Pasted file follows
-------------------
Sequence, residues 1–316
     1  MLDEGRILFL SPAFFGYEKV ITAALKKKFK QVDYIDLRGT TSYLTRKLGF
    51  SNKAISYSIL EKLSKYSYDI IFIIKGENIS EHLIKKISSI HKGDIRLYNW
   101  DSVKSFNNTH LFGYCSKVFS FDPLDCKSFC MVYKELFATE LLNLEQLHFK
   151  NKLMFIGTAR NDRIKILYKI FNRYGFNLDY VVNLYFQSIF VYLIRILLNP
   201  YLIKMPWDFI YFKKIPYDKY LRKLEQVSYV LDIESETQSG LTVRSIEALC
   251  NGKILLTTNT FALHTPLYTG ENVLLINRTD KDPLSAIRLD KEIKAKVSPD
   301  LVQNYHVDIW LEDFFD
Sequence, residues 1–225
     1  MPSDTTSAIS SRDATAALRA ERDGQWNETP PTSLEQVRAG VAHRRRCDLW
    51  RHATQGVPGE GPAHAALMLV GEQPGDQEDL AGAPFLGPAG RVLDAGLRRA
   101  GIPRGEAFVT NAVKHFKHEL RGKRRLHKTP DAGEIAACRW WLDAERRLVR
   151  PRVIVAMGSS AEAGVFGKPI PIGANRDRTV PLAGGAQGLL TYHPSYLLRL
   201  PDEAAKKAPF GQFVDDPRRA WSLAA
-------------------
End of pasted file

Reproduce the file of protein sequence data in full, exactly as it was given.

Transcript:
Sequence, residues 1–316
     1  MLDEGRILFL SPAFFGYEKV ITAALKKKFK QVDYIDLRGT TSYLTRKLGF
    51  SNKAISYSIL EKLSKYSYDI IFIIKGENIS EHLIKKISSI HKGDIRLYNW
   101  DSVKSFNNTH LFGYCSKVFS FDPLDCKSFC MVYKELFATE LLNLEQLHFK
   151  NKLMFIGTAR NDRIKILYKI FNRYGFNLDY VVNLYFQSIF VYLIRILLNP
   201  YLIKMPWDFI YFKKIPYDKY LRKLEQVSYV LDIESETQSG LTVRSIEALC
   251  NGKILLTTNT FALHTPLYTG ENVLLINRTD KDPLSAIRLD KEIKAKVSPD
   301  LVQNYHVDIW LEDFFD
Sequence, residues 1–225
     1  MPSDTTSAIS SRDATAALRA ERDGQWNETP PTSLEQVRAG VAHRRRCDLW
    51  RHATQGVPGE GPAHAALMLV GEQPGDQEDL AGAPFLGPAG RVLDAGLRRA
   101  GIPRGEAFVT NAVKHFKHEL RGKRRLHKTP DAGEIAACRW WLDAERRLVR
   151  PRVIVAMGSS AEAGVFGKPI PIGANRDRTV PLAGGAQGLL TYHPSYLLRL
   201  PDEAAKKAPF GQFVDDPRRA WSLAA